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The 5 Most Ridiculous Lawsuits Filed by Lawyers

By Stephanie Rabiner, Esq. | Last updated on

Just because you're an attorney doesn't mean you should file a lawsuit every time someone infuriates you. It just makes you look ridiculous. And it makes the rest of us look like greedy, obnoxious slime balls.

The following lawyers had to learn this lesson the hard way. Their lawsuits -- most of which were filed pro se -- have been forever immortalized on the Internet for future generations to read. Google them, and details about the following legal missteps are amongst the first things you see.

1. Whiny new attorneys filing employment stat suits. Oh come on. Not only did you go to law school in a bad economy, you went to a third tier law school in a bad economy. It's not anyone's fault but your own that you failed to read the small print or use a critical eye when reading employment statistics.

2. Roy Pearson. If you don't remember this administrative judge, shame on you. He's the originator of the "$54 million pants lawsuit." A D.C. dry cleaner lost Pearson's expensive suit pants in 2005, prompting him to file the multi-million dollar consumer protection lawsuit. Litigation lasted for two years.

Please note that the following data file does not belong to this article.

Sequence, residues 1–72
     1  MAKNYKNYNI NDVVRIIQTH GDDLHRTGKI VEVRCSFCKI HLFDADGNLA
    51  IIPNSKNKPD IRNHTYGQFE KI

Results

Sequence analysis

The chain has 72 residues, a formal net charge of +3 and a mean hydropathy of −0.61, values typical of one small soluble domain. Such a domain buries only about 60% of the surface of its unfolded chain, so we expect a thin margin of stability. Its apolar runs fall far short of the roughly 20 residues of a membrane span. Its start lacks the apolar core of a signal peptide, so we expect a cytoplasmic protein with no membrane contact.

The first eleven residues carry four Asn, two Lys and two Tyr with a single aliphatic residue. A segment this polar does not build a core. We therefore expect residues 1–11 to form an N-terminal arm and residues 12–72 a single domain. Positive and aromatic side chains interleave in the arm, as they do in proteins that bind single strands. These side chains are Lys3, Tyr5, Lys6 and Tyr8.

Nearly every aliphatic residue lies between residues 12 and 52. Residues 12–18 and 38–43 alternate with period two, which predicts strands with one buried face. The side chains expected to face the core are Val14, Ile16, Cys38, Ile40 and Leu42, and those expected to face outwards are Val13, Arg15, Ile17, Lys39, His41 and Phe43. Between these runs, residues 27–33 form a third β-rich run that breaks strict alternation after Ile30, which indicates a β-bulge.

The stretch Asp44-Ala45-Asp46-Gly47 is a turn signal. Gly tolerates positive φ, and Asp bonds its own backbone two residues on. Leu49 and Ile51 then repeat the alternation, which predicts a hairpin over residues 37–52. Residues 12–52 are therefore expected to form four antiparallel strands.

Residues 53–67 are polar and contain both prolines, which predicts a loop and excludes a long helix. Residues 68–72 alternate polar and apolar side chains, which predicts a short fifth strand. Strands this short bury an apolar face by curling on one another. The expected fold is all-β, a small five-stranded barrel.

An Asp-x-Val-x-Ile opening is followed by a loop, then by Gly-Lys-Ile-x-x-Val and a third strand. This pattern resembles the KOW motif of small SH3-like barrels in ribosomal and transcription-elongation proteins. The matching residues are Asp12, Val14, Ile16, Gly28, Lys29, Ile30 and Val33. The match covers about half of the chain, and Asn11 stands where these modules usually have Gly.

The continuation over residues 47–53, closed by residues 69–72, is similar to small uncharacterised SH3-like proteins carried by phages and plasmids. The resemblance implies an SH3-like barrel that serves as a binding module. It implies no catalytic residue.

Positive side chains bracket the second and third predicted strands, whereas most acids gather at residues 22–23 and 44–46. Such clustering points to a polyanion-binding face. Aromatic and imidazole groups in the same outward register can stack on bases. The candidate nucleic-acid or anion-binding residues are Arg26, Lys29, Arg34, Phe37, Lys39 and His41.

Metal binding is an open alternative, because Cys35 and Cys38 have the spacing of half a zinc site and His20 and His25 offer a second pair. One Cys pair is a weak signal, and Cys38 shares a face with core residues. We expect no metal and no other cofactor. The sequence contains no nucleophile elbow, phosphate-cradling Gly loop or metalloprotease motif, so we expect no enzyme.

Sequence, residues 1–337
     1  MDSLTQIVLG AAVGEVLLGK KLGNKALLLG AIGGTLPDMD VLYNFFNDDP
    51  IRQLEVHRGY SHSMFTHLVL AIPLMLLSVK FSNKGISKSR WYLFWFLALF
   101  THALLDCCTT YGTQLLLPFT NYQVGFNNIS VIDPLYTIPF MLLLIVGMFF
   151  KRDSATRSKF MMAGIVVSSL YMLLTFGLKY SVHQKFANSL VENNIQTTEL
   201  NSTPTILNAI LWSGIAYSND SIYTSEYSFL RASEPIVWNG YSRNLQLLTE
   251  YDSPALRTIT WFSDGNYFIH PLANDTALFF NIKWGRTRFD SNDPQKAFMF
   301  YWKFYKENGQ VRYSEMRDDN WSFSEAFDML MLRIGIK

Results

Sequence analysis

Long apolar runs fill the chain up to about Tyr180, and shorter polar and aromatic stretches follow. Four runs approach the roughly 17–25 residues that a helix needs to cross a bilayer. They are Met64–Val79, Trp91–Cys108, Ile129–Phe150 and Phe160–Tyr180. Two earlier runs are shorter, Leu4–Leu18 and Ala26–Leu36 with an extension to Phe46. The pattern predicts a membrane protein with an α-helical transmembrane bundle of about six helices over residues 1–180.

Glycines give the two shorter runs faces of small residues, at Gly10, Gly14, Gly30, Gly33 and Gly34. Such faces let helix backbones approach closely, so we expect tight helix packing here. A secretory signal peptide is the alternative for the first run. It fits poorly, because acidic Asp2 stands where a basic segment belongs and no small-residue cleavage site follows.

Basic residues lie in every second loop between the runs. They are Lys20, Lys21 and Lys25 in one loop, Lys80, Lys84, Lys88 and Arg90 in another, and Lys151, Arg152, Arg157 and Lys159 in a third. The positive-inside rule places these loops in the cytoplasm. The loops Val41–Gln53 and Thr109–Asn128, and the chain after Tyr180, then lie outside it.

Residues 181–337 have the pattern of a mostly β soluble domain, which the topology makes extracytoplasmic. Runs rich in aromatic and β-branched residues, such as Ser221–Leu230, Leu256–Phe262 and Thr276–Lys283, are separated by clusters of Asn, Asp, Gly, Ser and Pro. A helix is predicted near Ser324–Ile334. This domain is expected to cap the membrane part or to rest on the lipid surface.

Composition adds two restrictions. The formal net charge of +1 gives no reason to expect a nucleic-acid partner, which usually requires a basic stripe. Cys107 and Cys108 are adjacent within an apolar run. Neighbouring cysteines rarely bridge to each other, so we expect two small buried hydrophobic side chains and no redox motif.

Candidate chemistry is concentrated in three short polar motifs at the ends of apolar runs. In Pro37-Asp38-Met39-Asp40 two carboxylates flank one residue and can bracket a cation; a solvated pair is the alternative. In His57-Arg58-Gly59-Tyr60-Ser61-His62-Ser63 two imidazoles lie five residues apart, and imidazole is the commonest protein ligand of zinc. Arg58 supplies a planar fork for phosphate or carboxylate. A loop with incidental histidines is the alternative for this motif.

3. D. Marvin Jones. This University of Miami law professor sued Above the Law in 2009 after the site chronicled his solicitation arrest. He actually accused the blog of engaging in copyright infringement when it posted his faculty photo superimposed on a $20 bill.

Luckily, he learned pretty quickly that you don't sue Above the Law if you want privacy. He voluntarily dismissed the suit within days of filing it.

4. Richard Katz. This New York lawyer recently sued the Setai Wall Street Club and Spa after it began serving a cold morning buffet in lieu of the usual free, full breakfast spread. Unsurprisingly, a judge dismissed his suit and fined him $440.

Still, he will forever have to live with the fact that he filed a lawsuit over cereal and yogurt.

5. Mark Gold. As a DUI lawyer, Gold should have known better than to drink and shop. He sued a Miami strip club for allegedly getting him so drunk that he ran up an $18,930 tab. His complaint accused the club of causing his intoxicated state. He had absolutely no part in the alcohol and flesh fest, right?

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